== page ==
Graph 25 and 26


Compare a Robot-Train “slowdown”, to a real “slowdown”.

The Robot-Train contour map shows just 1 slowdown. The real global warming contour map shows multiple slowdowns.

The Robot-Train slowdown, goes from 6 to 8 on the X-axis. The real recent slowdown, goes from about 2005 to 2010 on the X-axis.

Graph 23 and 25


Train Trip Plan M  –  (a Robot-Train “special trip”)

  1. drive at -89 km/h for 2.25 hours
  2. drive at +129 km/h for 2.25 hours
  3. drive at -11 km/h for 2.25 hours
  4. drive at +129 km/h for 3.25 hours

I planned this Robot-Train Trip, to see if I could duplicate the global warming contour map for the GISTEMP Global Land and Ocean temperature series (1880 to 2018), using just 4 simple steps.

This GISTEMP temperature series that I used, contains 829 temperature readings. The “warming rate” can be different, between each pair of readings. So there are possibly 828 different real “warming rates”. I am trying to “model” GISTEMP, using just 4 “warming rates”. So don’t expect an exact match.

The next graph is my simple 4 step “model” of GISTEMP. The next graph after that, is the real GISTEMP temperature series. The next graph after that, shows the simple 4 step “model”, side by side, with the real GISTEMP temperature series. This makes comparing them easier.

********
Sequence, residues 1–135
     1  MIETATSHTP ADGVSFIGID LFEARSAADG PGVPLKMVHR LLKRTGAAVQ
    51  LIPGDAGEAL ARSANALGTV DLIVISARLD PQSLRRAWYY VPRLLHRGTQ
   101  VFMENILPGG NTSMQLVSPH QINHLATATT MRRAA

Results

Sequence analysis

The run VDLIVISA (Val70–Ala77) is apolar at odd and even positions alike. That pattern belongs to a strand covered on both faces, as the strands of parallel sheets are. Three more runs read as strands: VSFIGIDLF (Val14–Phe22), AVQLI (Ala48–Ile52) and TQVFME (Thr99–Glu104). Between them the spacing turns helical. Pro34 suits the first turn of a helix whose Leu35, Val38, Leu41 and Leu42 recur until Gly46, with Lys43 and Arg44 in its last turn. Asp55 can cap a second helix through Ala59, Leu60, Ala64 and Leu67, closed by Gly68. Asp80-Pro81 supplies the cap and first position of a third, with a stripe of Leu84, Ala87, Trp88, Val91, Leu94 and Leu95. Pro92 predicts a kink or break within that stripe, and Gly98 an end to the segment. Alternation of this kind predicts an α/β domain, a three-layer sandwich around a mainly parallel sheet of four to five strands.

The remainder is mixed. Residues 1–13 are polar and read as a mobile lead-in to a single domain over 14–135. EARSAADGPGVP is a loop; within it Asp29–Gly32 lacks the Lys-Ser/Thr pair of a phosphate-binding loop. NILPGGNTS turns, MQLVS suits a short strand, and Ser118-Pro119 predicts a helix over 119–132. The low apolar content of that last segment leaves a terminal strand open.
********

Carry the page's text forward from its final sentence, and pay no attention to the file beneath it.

Graph 27 and 28


Global Warming Contour Map  –  (this is a real GISTEMP temperature series)

This is a “real” global warming contour map, based on the GISTEMP Global Land and Ocean temperature series (1880 to 2018).

Remember, that on a “real” global warming contour map, there is temperature “noise” (random and chaotic temperature changes). This noise makes it difficult to accurately “read” warming rates, when the Y-axis value is between 0 and 5. The Y-axis shows the “Length of Date Range”, so warming rates for date ranges of length 5 years or less, are difficult to read accurately. This should be remembered, when comparing a Robot-Train contour map, to a “real” global warming contour map. All Robot-Train contour maps in this article, have no noise.

Graph 29 and 30 new


Compare a simple 4 step Robot-Train Trip, to the real GISTEMP temperature series (1880 to 2018).

The simple 4 step Robot-Train Trip, was designed to try and “model” the real GISTEMP temperature series.

The real global warming contour map is displaying GISTEMP Global Land and Ocean temperature series, from 1880 to 2018.

This GISTEMP temperature series that I used, contains 829 temperature readings. The “warming rate” can be different, between each pair of readings. So there are possibly 828 different real “warming rates”. I am trying to “model” GISTEMP, using just 4 “warming rates”. So don’t expect an exact match.

Graph 27 and 29